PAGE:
Last vacation: I went to Australia with my wife in March 2020 to celebrate our 40th wedding anniversary and ended up not being able to fly out for some time. We were trapped at the beginning of Covid, and a 3-week sabbatical became 6 days in the air and a 3-day weekend. Instead of going to the Outback, we had to just get back. we did end up making it out and look forward to going to the Outback soon.
Person I’d most like to have lunch with: Thurman Munson or Derek Jeter, former Yankee captains. These guys were leaders, had skill, passion, and work ethic grit.
Business philosophy: Be prepared and make good deals.
Management method or style: Cautiously progressive, always a balanced approach.
Greatest challenge: The industry challenge has been the same for decades—it’s people. Doing well for them and at the same time delivering results.
How do others describe you? They know I truly care and always try to do the right thing.
One thing I’m looking to do better: Everything. I’m definitely tough on myself and am never completely satisfied. We take joy in our success, but at the same time we’re always looking to do better. You could say it’s kaizen (Japanese for incremental, continuous improvement).
How I give my team room to innovate and experiment: I try to help them realize how to tap into finding their own motivation. In our business environment, we try to make sure we all understand the parameters so we can navigate and grow within that playing field.
How close are you to operations? Not close enough. However, I really enjoy it and realize that’s where the rubber meets the road. As you become removed as an executive, you’re pulled away from that. But it’s definitely most important to have people close to you who lead and remain heavily involved in operations.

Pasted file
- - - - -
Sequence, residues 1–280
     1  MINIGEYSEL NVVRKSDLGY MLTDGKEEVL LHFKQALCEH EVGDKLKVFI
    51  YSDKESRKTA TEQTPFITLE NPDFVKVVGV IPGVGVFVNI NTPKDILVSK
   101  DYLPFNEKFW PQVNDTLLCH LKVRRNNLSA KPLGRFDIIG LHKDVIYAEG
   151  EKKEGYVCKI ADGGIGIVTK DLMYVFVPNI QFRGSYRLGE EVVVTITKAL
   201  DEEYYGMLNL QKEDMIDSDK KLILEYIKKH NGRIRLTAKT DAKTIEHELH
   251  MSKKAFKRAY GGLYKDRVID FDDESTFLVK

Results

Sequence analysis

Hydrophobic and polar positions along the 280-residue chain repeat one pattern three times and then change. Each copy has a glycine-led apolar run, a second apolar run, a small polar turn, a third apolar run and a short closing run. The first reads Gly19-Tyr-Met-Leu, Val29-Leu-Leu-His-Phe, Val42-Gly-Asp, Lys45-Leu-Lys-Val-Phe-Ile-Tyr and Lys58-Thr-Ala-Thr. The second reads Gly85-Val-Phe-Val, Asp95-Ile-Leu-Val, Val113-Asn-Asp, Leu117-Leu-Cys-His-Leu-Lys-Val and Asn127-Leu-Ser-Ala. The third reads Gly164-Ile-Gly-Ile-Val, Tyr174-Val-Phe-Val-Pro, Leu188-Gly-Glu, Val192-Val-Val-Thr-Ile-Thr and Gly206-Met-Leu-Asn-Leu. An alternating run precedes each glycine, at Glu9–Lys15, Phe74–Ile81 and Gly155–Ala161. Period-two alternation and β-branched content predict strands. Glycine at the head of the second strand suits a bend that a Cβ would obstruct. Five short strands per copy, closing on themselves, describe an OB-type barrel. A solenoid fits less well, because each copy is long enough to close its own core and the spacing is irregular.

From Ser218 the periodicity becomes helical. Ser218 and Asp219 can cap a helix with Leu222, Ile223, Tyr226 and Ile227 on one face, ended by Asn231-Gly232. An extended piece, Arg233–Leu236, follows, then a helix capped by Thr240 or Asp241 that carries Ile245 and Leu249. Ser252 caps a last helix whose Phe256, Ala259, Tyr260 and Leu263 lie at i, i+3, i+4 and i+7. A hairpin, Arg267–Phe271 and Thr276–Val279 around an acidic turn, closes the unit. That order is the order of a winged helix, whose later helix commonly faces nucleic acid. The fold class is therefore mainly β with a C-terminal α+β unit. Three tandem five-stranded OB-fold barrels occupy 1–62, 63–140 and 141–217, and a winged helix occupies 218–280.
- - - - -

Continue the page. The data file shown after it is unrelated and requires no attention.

What are the two most important things you rely on from your franchisor? JDK is both franchisor and franchisee, so 1) consistency with infrastructure, and 2) a forward-looking business plan.
What I need from vendors: Now at this time, really anything you can get. But what we really depend on from vendors are value, reliability, and quality.
Have you changed your marketing strategy in response to the economy? How? It’s truly never-ending adjustments since the economy is continually fluctuating. I’d say the answer is to be nimble and apply your resources creatively.
How is social media affecting your business? Social media affects business just as it affects the global environment and society as a whole. We experience everything that social media offers—good, bad, and indifferent, and you always have to be aware of what’s coming next.
How do you hire and fire? Have courtesy and respect. Be fair and consistent.
How do you train and retain? We give 100% to people in both those disciplines. Give people everything you can; give them your time and the tools to be successful.
How do you deal with problem employees? As professionally as possible in all circumstances. Look for improvement opportunities.
Fastest way into my doghouse: Excuses and lack of effort.
How did Covid-19 affect your business? In every way possible: health, safety, people, profit, and product were all affected.
How have you responded? In every way possible. We faced each challenge as calmly and firmly as we could to try to maintain, compromising only where no other option existed.
What changes do you think will be permanent? I don’t believe that anything is truly permanent. But in the foreseeable future, the restaurant service model does have to adapt. Full-service restaurant brands also need to be more flexible to how the consumer expects the products to be delivered. People (internal and external guests) expect a new aspect of convenience, and the industry has to adjust accordingly.
Annual revenue: $150 million in hospitality revenue this year (restaurants and hotels).
2022 goals: Continuity, re-creation, stepping forward into the future. Continue to manage business strategically and keep disciplines in place. Staffing and training for 2022. Succession plan and enhance our leadership team.